More than two billion people still suffer from poor nutrition.
That’s the central finding of the new Global Nutrition Report, a first-of-its-kind evaluation of food security in 193 countries produced by the International Food Policy Research Institute. Researchers note that despite serious improvements in other key areas of global development in recent years, “little progress” has been made in addressing some of the core challenges associated with malnutrition in women and children: namely, iron deficiency and the risks its poses during pregnancy, low birth weight and poor nutrition in a child’s first years.
The report is a reminder that nutrition must take top priority on the global development agenda. Nearly half of all deaths of children under five are caused by inadequate food and nutrition. That is a sad and shocking reality.
Even in South Africa — arguably the most economically advanced country on the continent — one in four children still goes to bed hungry every night. And as the South African economy has stalled, the proportion of kids under five suffering from “stunting” – physical deficiencies caused by chronic malnutrition — has grown.
The situation is much worse in other African countries. In Madagascar, for example, half of all children under five suffer from stunting.
The effects of malnourishment during childhood last a lifetime, even if one’s food situation improves in adulthood. No matter how much better our local schools, hospitals and economy become, malnourished children can’t flourish.
If a child’s brain isn’t properly fed, he or she can suffer irreversible cognitive challenges. The gold-standard investigation into this problem found that the average adult that suffered from stunting as an infant has a much lower IQ compared to a consistently well-nourished adult, completes about four fewer years of school, and is significantly less likely to be employed in a white collar job.
The deficits created by childhood malnutrition can permanently suppress an individual’s long-term earnings potential. The World Bank estimates that early-life food insecurity drops the average person’s lifetime wages by about 10 percent. In Congo, Liberia, Burundi and other low-income African countries, malnutrition by itself can compress GDP by up to three percent.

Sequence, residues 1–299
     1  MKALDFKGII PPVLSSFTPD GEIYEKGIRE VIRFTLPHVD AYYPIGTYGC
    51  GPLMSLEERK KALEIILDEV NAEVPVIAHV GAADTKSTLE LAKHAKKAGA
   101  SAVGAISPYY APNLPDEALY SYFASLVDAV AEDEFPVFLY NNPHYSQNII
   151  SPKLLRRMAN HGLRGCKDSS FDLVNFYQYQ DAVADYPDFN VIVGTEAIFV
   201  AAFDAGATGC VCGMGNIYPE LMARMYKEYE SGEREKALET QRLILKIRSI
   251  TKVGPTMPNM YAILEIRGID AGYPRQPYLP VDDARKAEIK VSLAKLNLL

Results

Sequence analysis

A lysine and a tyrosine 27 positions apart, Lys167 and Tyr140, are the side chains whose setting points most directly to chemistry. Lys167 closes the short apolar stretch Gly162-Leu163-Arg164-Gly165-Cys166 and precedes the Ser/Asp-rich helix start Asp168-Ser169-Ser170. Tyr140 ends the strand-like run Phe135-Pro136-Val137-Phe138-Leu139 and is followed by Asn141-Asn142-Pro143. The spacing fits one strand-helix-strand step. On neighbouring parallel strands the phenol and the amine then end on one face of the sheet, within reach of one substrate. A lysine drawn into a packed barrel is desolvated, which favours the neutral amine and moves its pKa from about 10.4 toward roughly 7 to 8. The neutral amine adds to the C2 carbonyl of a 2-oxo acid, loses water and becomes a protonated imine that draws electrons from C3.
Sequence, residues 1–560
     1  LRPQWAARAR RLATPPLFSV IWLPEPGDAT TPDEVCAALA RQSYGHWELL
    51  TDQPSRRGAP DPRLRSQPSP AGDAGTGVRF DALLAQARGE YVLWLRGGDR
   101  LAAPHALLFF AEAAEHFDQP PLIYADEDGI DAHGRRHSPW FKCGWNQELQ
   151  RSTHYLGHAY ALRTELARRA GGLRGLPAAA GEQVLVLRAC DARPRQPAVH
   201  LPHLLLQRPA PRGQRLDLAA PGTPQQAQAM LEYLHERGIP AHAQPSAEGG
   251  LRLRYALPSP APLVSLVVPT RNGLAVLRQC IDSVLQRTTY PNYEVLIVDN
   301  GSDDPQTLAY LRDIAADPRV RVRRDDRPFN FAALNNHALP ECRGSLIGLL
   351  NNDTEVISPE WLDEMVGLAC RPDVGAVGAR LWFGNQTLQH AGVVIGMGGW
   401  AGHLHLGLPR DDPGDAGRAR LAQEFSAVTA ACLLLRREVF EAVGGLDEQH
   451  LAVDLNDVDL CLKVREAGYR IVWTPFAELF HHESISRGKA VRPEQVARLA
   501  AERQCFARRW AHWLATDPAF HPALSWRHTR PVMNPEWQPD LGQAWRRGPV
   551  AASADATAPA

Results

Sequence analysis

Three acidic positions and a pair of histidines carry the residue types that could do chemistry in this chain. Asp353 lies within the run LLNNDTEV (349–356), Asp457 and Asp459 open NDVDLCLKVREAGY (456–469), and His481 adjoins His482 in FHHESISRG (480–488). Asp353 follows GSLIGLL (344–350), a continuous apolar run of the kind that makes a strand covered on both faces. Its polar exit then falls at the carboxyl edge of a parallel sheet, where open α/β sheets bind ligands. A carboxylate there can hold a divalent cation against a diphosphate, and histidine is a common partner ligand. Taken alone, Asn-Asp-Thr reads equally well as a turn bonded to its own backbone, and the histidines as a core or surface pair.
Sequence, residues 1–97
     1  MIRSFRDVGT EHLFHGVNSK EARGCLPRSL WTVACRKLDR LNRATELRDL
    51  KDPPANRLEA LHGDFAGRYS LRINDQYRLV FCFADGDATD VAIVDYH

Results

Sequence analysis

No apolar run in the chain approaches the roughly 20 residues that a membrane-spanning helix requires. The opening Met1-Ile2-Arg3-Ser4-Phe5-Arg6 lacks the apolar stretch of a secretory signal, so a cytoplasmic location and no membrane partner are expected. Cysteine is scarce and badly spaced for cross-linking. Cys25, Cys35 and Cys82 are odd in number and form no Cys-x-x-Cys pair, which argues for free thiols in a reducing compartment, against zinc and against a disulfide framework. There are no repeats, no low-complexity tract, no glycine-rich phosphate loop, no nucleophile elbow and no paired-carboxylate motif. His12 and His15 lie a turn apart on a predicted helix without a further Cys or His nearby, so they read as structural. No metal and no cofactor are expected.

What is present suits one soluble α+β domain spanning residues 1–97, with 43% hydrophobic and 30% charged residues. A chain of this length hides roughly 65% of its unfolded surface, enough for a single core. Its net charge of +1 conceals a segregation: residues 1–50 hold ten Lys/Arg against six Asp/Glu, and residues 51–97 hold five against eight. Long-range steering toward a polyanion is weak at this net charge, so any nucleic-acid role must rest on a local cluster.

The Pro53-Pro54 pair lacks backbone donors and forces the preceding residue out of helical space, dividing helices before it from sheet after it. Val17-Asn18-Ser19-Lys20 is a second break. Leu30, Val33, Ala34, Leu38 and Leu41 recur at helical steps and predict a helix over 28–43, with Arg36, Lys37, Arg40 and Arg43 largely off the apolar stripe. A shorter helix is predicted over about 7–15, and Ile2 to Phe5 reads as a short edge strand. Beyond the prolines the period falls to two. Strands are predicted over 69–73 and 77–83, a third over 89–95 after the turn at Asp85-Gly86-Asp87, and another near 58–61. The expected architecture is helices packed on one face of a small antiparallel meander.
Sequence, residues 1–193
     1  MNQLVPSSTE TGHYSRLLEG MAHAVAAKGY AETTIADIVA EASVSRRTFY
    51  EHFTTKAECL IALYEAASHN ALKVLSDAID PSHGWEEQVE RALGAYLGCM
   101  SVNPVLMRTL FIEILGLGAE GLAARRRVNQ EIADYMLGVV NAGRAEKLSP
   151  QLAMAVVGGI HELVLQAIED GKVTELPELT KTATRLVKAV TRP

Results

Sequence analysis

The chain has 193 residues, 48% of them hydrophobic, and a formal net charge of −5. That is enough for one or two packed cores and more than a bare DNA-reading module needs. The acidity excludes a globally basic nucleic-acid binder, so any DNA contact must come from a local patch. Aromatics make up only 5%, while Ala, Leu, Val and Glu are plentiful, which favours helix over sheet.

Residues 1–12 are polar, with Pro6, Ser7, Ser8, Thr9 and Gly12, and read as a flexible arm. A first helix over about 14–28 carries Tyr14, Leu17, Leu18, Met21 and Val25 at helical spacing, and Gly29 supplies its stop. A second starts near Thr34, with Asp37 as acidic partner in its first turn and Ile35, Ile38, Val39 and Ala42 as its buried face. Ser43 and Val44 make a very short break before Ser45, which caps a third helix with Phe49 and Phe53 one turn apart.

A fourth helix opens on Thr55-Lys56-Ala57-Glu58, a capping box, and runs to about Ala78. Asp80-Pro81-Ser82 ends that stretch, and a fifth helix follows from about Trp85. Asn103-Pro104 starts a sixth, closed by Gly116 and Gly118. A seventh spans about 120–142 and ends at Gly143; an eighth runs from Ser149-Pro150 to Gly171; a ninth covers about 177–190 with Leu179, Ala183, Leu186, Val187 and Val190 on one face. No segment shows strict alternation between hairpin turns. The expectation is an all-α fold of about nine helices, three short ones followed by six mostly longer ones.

Of course, many parts of Africa are rapidly expanding. The continent is home to over half of the fastest growing economies in the world. This development is not exclusively a function of natural resources. Smart governments are cultivating high-tech sectors and setting the foundations for sustainable growth. Just look at Africa’s booming telecommunications sector, with more than a half-billion mobile connections on the continent today.
This evolution produces an array of knowledge-based jobs that can support families and transform communities. Without proper nutrition, our children will struggle to become the champions who can lead Africa through the 21st century. Simply put, improving nutrition is the key to accelerating Africa’s growth and empowering our people.
There has been a recent swell of support to improve nutrition, thanks to many dedicated professionals and strong leadership from some key donor governments. Indeed, earlier this year the Canadian government pledged $3.5 billion in new financial commitments for maternal, newborn and child health, which included nutrition as a core pillar of that investment. Canada has been a leader on nutrition, thanks to this commitment and to long-term and sustained support for organizations like the Micronutrient Initiative, for which I serve as board chair.
However, global investments in nutrition represent only 1 percent of aid spent each year. It’s simply not enough. Dollars directed toward education and healthcare and other critical development initiatives risk being wasted if we don’t create a solid foundation for proper nutrition early in life.
More resources — including through traditional aid as well as innovative financing approaches –need to be directed to fighting malnutrition. And there must be particular emphasis on the first thousands days of life, from conception to age two. That’s the period when brain growth is most crucial — and most fragile.
Even modest upticks in nutrition dollars will translate into huge benefits. Effective nutritional support can be simple and inexpensive. Key programs include: fortification of staple foods with micronutrients; the addition of iodine to local salt supplies; and the creation of robust distribution systems for critical supplements like vitamin A and iron.
Nutritional aid shouldn’t be seen as charity — it should be seen as an investment. Improving childhood nutrition will set the stage for long-term dynamism that will resound throughout the continent. This must be a global priority.
Published in: The Hill
Photo credit: John Rae